What happens in this subject?
The main aims of the art and design department at DSTC are to stimulate creativity and imagination to enable children to express their ideas, thoughts and feelings through practical experience in a variety of 2 and 3 dimensional media.
We want to explore the local heritage in which we live to provide a diverse environment for our pupils to learn from.
We also aim to support children in understanding and appreciating art from a variety of cultures, styles and periods of time. We want to promote children’s enjoyment of Art through a broad and balanced curriculum which builds on previous work and achievements.
We want to enable children to develop non-verbal means of organising ideas and expressing thoughts and feelings and record, communicate and express these ideas in different ways.
We encourage the development of visual perception and visual literacy. We intend to extend and broaden the individual’s knowledge about the arts by exploring a wide range of artists, sculptors and architects.
We hope to provide the children with opportunities to meet and work with artists on school trips, visitors to school and take part in local art initiatives.
We also aim to develop an individual’s spiritual, moral, social and cultural development through thought-provoking activities and time for self-reflection.
Building on from KS2 or KS3
The National Curriculum for Art and Design aims to ensure that all pupils at KS2 can start to produce creative work whilst exploring ideas and recording experiences. At DSTC we have built a comprehensive and coherent scheme of work that develops those aims in greater depth.
Students at KS2 should start to become proficient in drawing, painting, sculpture and other art, craft and design techniques and our KS3 schemes of work are designed to focus specifically on these skills.
At KS2 students have begun to evaluate and analyse creative works using the language of art, craft and design. Throughout KS3 our students analyse and evaluate a wide range of artists and designers' work, developing complex artistic language to describe their experiences and create a greater understanding of the historical and cultural development of the art forms they study.
At KS3 students have one lesson a week of Art and Design. Some of the main skills covered include:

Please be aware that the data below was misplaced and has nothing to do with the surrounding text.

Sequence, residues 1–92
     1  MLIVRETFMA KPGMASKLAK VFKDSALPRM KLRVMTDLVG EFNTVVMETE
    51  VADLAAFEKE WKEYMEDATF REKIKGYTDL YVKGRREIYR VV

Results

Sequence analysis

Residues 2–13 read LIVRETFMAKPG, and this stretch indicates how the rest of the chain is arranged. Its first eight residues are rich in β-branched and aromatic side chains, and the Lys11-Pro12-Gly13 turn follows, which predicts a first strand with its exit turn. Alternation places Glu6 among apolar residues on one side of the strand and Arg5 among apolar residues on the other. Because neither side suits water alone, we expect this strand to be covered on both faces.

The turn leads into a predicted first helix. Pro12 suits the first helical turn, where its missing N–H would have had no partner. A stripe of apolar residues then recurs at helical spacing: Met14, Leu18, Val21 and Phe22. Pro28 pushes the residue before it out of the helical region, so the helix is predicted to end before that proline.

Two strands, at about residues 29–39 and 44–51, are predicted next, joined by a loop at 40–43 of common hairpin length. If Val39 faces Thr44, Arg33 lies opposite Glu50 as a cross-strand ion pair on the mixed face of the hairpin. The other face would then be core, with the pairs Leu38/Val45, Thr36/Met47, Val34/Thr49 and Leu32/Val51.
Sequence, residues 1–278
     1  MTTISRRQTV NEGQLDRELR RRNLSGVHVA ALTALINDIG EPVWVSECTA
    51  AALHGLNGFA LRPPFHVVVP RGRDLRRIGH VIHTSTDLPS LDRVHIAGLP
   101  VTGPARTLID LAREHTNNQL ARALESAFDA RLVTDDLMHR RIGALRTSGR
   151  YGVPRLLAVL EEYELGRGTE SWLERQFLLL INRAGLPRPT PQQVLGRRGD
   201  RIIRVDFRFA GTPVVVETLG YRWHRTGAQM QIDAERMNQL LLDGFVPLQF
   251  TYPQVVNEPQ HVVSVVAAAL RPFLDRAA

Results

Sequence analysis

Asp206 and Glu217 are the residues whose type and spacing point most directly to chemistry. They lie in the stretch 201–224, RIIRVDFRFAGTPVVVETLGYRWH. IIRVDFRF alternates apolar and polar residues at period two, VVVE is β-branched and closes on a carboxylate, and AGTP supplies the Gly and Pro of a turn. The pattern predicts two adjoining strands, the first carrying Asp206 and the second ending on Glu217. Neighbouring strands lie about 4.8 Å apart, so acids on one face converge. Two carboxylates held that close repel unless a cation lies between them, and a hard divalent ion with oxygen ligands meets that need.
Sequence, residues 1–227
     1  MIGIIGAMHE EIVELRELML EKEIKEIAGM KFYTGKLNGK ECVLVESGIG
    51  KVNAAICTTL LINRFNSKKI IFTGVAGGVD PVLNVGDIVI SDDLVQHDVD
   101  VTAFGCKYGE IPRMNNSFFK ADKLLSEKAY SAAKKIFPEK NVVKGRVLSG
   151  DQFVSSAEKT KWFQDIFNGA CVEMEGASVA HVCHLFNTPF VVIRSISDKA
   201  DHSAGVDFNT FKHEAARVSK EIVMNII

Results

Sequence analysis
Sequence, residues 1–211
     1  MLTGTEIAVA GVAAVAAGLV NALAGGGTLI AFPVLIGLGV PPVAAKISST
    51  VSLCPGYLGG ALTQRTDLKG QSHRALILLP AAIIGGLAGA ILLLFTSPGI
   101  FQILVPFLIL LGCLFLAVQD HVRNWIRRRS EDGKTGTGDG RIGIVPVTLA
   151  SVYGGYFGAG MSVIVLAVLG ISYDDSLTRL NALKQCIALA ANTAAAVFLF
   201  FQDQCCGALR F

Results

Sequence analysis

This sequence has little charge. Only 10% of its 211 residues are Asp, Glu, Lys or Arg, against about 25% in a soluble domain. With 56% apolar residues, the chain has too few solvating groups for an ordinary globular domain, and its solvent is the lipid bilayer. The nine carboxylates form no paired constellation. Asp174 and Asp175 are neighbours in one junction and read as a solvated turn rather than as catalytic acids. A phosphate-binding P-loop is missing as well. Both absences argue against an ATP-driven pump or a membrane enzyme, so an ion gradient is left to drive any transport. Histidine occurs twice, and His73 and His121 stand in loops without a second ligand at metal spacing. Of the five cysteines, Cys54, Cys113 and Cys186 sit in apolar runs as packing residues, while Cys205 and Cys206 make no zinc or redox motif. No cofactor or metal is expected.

- Discussing in groups the meaning and messages of art work.
- Using a variety of drawing materials to sketch, shade and blend tones.
- Using ink to create marks representing textures.
- Still life drawing, photographing and shading.
Students should be able to make assumptions as to what an artist’s message might be and explain their answers. Students should use problem-solving skills to mix and make a variety of colours by hand. Students should be able to keep effective time when printing multiple prints and use measuring to keep the work accurate.
Students should explore the time an art movement came about and be able to explain how historical events can influence art work. Students should be able to make choices about which media would work best for a particular piece.
Students are not in sets for art instead they are in form groups. After school, we offer an art club where we can explore activities on a larger scale or sculptural pieces and the students can lead the sessions.
In Year 7 we cover three units - they are all skills based and designed to introduce complex drawing and painting skills, which the students will not have covered at primary school. The first is drawing skills-we look at 3D shapes, tone bars, mark making and positive and negative space(we use this as a baseline assessment). The second is colour theory(colour wheel, colour types, shades, tints and shadows) and then POP art. The final unit is self-portrait - we go back to portrait in year 9, so this introduces and challenges the students.